By Hilary White
October 14, 2008 (LifeSiteNews.com) – Legal documents have shown that the manufacturer of one of the world’s most popular long-term contraceptive drugs has paid out at least US $68.7 million in out-of-court settlements over side effects of the drug. Bloomberg.com reported yesterday that Johnson and Johnson, one of the world’s largest manufacturers of health products, has not released to its investors the financial records of hundreds of settlements over the Ortho Evra long-wear hormone patch.
Twenty women have died, and 4000 have filed complaints in state and federal courts, alleging that Ortho Evra caused deep-vein thrombosis, or blood clots in the legs and pulmonary embolisms, or blood clots in the lungs. Some complaints have linked the patch to heart attacks and strokes.
Altogether, 4000 women have filed complaints in state and federal courts claiming the company hid or altered data about possible health risks associated with the high levels of estrogen released by the patch.
Gloria Vanderham, a spokesman for Ortho-McNeil Pharmaceutical, Inc., that manufactures the drug for Johnson and Johnson, told Bloomberg.com, “Ortho Evra provides a needed birth-control option for women and physicians. When used according to the FDA- approved label, Ortho Evra is a safe and effective method of hormonal birth control.”
The company “regularly and properly disclosed data to the FDA, the medical community and the public in a timely manner,” Vanderham said. In 2005, an Associated Press report noted that 23 deaths were attributed to use of the patch since the FDA approved it in 2001.
The Ortho Evra patch, introduced in 2002, was touted by Johnson & Johnson as a convenient alternative to daily oral contraceptive pills. In 2005, after investigations by the US Food & Drug Administration (FDA), the company updated its product labels to say that Ortho Evra exposes women to 60 percent more estrogen than the typical birth-control pill and that higher estrogen increases side effects.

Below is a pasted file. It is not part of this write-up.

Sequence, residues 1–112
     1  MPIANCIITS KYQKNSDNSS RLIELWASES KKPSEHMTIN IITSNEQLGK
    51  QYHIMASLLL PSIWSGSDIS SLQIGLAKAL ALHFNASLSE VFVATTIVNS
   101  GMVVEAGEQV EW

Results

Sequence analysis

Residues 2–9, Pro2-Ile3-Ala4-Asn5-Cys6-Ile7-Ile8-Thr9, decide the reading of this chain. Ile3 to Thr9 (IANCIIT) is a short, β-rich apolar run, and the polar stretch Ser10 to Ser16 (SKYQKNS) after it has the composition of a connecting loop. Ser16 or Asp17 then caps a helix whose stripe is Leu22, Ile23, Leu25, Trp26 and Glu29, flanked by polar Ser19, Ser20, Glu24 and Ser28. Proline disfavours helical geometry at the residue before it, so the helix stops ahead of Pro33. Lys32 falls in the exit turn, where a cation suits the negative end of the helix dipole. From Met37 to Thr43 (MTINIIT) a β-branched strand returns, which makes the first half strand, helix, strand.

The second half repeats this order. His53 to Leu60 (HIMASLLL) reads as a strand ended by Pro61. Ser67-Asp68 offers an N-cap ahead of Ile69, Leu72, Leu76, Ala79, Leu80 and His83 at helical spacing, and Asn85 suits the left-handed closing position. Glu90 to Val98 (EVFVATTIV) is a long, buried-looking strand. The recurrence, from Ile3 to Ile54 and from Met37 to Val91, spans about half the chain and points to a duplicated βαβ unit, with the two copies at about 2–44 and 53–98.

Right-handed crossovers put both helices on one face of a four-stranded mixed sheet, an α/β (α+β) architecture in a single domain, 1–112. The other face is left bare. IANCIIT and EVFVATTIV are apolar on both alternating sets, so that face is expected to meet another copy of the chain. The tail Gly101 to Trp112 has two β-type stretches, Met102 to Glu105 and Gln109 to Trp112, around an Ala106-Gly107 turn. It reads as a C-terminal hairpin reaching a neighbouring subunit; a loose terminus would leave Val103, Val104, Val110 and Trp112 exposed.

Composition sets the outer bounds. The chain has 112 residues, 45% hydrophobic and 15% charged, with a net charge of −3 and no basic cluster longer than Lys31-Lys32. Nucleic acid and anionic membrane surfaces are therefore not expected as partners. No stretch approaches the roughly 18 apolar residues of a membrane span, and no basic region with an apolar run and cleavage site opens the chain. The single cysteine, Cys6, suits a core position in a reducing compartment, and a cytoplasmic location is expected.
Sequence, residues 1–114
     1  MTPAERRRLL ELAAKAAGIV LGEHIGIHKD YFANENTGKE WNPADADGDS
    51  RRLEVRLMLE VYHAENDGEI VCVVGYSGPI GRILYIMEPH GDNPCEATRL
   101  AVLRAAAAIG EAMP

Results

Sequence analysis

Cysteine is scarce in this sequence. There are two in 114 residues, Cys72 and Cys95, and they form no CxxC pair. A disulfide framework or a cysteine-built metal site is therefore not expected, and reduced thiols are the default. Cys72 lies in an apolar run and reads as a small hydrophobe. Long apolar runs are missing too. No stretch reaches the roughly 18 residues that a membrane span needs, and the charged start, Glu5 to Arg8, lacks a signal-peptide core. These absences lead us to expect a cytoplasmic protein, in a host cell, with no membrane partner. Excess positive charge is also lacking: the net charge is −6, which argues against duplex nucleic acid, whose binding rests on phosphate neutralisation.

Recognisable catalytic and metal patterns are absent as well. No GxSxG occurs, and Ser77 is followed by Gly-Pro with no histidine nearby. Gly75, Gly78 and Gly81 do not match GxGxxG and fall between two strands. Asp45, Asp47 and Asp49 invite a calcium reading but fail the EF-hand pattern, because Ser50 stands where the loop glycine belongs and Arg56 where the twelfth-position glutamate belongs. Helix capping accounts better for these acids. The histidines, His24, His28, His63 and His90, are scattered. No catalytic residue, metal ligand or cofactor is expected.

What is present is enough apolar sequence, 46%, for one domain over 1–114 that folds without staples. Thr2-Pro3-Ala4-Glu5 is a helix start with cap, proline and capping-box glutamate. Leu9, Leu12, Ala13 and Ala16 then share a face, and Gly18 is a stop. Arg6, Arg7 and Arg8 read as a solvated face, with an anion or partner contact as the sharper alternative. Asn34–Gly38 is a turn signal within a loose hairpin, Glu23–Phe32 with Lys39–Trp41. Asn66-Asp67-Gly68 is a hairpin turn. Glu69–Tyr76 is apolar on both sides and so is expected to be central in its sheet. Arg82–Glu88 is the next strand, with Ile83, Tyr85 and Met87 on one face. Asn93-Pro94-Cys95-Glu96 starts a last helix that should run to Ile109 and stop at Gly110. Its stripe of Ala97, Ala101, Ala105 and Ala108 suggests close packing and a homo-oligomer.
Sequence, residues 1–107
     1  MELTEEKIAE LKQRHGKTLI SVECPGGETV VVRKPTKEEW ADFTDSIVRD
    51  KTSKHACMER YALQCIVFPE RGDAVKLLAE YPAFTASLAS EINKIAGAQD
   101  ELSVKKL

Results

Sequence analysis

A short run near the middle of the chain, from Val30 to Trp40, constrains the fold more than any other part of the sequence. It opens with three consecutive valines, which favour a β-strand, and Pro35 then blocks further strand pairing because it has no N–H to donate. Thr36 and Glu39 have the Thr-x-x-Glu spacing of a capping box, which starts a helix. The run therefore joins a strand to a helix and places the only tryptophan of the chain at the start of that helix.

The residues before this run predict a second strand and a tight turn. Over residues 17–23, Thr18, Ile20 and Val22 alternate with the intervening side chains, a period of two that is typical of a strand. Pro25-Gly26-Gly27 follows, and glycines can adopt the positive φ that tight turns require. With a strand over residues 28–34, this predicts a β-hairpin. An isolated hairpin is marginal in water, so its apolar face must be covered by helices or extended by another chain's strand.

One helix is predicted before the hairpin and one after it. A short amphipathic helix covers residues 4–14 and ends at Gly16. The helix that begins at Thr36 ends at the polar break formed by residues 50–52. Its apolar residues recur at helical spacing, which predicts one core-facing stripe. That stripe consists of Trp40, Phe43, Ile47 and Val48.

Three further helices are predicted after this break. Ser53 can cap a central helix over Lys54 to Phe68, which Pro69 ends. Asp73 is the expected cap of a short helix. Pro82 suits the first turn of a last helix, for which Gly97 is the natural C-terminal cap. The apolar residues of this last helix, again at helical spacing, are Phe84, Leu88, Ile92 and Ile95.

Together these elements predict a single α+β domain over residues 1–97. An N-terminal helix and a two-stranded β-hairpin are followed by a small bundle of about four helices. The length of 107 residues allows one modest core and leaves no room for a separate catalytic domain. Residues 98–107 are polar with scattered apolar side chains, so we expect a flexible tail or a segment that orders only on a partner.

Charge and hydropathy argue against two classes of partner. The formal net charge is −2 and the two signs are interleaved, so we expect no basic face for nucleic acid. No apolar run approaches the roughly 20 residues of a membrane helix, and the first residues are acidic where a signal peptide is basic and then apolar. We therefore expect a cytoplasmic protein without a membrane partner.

One lawsuit in 2005 alleged that Ortho Evra is “unreasonably dangerous,” and “defectively designed.” That suit was filed by 10 women who suffered from strokes or serious blood clots; all suffer from long-term debilitating effects from the patch.
In 2006, a federal drug safety report obtained by the Associated Press under the Freedom of Information Act, “indicate that in 2004 – when 800,000 women were on the patch – the risk of dying or suffering a survivable blood clot while using the device was about three times higher than while using birth control pills.”
Read related LifeSiteNews.com coverage:
Woman Sues “Birth Control” Patch Manufacturer for Pulmonary Embolism
Ortho McNeil Corp Admits Birth Control Patch Blood Clot Connection
18 Year-Old New York Student Dies Suddenly from Birth Control Complications